This subproject is one of many research subprojects utilizing the resources provided by a Center grant funded by NIH/NCRR. Primary support for the subproject and the subproject's principal investigator may have been provided by other sources, including other NIH sources. The Total Cost listed for the subproject likely represents the estimated amount of Center infrastructure utilized by the subproject, not direct funding provided by the NCRR grant to the subproject or subproject staff. Gene silencing is a core cellular regulatory mechnaism. One form of silencing, conserved across eukaryotic kingdoms, involves histone H3 lysine 9 (H3K9) methylation, proteins of the HP1 family that recognize this modification, and, intriguingly, the RNAi machinery. Despite the conservation and significance of this mechanism, the fundamental questions of how this type of silencing is initiated, how RNAi promotes histone methylation, and how repression of gene expression is ultimately effected remain largely unanswered. To address these issues, we recently shifted our efforts from studies of the histone variant H2A.Z and other molecules that regulate silencing in S. cerevisiae (which lacks both H3K9 methylation and RNAi systems) to studies of silencing in the highly tractable fission yeast Schizosaccharomyces pombe. In this proposal, we seek to capitalize on a series of preliminary investigations in fission yeast already carried out in our laboratory to achieve a mechanistic understanding of gene silencing. This work will inform our understanding of repressive histone methylation, a mechanism that has been strongly implicated in the inactivation of tumor suppressor genes in human cancers.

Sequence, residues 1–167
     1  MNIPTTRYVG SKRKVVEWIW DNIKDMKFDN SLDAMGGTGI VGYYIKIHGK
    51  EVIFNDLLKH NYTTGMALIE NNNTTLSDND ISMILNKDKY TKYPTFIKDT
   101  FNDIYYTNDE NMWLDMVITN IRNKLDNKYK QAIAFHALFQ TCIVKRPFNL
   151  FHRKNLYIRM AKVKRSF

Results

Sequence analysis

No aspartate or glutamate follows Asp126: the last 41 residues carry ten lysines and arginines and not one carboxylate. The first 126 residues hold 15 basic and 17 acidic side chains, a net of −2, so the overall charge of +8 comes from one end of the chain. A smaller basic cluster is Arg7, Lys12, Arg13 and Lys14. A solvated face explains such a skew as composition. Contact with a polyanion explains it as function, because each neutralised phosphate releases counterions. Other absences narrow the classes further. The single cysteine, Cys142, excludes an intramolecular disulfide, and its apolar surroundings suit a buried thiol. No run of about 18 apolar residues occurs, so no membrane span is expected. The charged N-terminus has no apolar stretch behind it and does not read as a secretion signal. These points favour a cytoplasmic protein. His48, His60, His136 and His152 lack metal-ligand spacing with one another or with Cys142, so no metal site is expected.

Our work focuses on understanding the mechanism of gene silencing mediated by repressive histone methylation. Since such mechanisms have been strongly implicated in the inactivation of tumor suppressor genes in human cancers, our fundamental insights into this conserved process will inform more applied studies of tumor biology. Our hope is that this will open up new avenues for the development of therapies that reactivate the expression of tumor suppressor genes and arrest growth and/or induce death of malignant cells.
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|Silva, Erica; Betleja, Ewelina; John, Emily et al. (2016) Ccdc11 is a novel centriolar satellite protein essential for ciliogenesis and establishment of left-right asymmetry. Mol Biol Cell 27:48-63|
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